Today Becca (all the way from sunny from Florida) will be talking to us about 'Showing Not Telling'.
Over to you, Becca.
What's Telling and What's Wrong With It?
Simply put, "telling" is telling the reader something. The country was in turmoil. My sister has no manners. Angela is a lunatic. You have to get these things across in the story, so what's wrong with just telling the reader?
Telling usually explains everything right off the bat. There are certain venues where you want people to explain things as simply as possible: when they're giving directions or explaining a calculus lesson; when you're on the phone with your neighbor who never stops talking and The Walking Dead starts in 30 seconds. But in fiction, telling is a form of talking down to the reader; it doesn't give him/her any credit. At worst, repeated telling says to the audience, "I'm not entirely sure that you're capable of getting the point if I write it with any subtlety, so let me make it really simple." At best, it's a sign that you’re unsure of your own ability to make yourself understood without using the simplest of words. Neither message is one you want to send.
2. Telling oftentimes interrupts the flow of the story. Consider one of the statements from above: Angela is a lunatic. If the author has to explain this in so many words, she has probably stopped telling the story to do so. When she's done, the story will commence, but in the meantime, the pace has jerked to a stop, taking the reader's attention with it. Another something that you want to avoid.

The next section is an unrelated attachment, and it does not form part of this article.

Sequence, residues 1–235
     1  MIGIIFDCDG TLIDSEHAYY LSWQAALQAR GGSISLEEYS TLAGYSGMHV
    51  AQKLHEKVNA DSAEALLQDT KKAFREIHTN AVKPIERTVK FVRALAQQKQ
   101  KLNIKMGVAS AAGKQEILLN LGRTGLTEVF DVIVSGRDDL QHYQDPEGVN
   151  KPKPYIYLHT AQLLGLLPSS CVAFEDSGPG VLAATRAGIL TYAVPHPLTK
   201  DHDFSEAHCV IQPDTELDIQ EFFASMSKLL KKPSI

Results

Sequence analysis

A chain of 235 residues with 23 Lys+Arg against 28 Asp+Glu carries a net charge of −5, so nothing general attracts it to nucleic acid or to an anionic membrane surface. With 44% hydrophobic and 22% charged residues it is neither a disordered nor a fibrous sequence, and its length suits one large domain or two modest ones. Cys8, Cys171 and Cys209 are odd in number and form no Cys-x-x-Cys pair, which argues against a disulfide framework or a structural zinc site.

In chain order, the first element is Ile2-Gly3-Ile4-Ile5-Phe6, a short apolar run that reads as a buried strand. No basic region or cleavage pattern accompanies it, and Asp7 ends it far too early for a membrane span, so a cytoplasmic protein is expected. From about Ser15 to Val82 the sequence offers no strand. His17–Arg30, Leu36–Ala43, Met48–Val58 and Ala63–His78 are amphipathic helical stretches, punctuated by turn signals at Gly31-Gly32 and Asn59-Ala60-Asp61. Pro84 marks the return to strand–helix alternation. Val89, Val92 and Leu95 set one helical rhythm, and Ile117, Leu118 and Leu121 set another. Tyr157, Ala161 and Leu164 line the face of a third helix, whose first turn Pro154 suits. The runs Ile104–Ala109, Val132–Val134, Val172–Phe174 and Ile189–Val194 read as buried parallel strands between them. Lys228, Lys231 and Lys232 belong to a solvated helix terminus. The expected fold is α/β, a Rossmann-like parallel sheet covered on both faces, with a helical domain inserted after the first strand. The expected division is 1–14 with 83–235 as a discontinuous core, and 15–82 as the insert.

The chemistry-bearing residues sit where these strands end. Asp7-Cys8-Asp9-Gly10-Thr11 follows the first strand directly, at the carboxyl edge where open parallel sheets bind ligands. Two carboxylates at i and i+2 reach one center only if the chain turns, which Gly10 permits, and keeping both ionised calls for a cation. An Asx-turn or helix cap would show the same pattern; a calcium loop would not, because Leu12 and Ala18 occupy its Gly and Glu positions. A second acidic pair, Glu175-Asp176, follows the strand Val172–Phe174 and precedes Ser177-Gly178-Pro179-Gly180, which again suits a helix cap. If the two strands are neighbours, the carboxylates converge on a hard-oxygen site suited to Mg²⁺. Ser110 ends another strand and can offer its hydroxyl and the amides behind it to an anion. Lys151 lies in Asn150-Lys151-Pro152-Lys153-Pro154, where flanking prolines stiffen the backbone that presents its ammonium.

3. Telling doesn't usually draw the reader in because it doesn't include details, emotion, or anything unique. Do you know someone who's a really good storyteller? My husband tells great stories; granted, they're usually embellished for effect, but that's what makes them so interesting—lots of emotion and hand-waving and little details, smattered with weird vocabulary to give it his own personal flair. When he tells a story, people get totally into it. This is what we want to achieve with our writing.
The alternative to telling is showing, which conveys your point to readers in a way that pulls them in and is far more interesting than simply stating a fact. It usually gets more information across, too. Here are a few examples contrasting showing and telling, pulled from my own writing not because I'm convinced of my literary genius, but because, sadly, I have ample telling examples to choose from.
· Telling: Nerien was frustrated.
· Showing: Nerien jerked upright in bed and reached out, but only felt crumpled blankets and the heave of his own chest. He fell back and groaned into his pillow. Why? Why did he always wake up before the dream ended?
But saying it doesn't evoke that emotion; it merely states it. Instead, showing his state of mind draws the readers in, helps them to feel the character's frustration via the sensation of jerking upright, the feel of crumpled sheets in one’s fist, and the heaving of the chest. Showing is also more active and immediate.
· Telling: It was a noisy river.
The sturdy stone bridge had no railing. Dara stood at the edge, watching the gentle Supine River turn crazy and wild where the river from Frost Berth joined it. It was particularly loud just below, where a branch had become tangled in the grasses near the pillars. The water gurgled and choked around it. Or was it the branch that was choking?
Dara touched the soft scars that marred her upper arm. She felt a certain kinship with that branch. She was often choking these days, but it wasn't water that squeezed her.
You're welcome, Becca. Look forward to reading part two on Wednesday.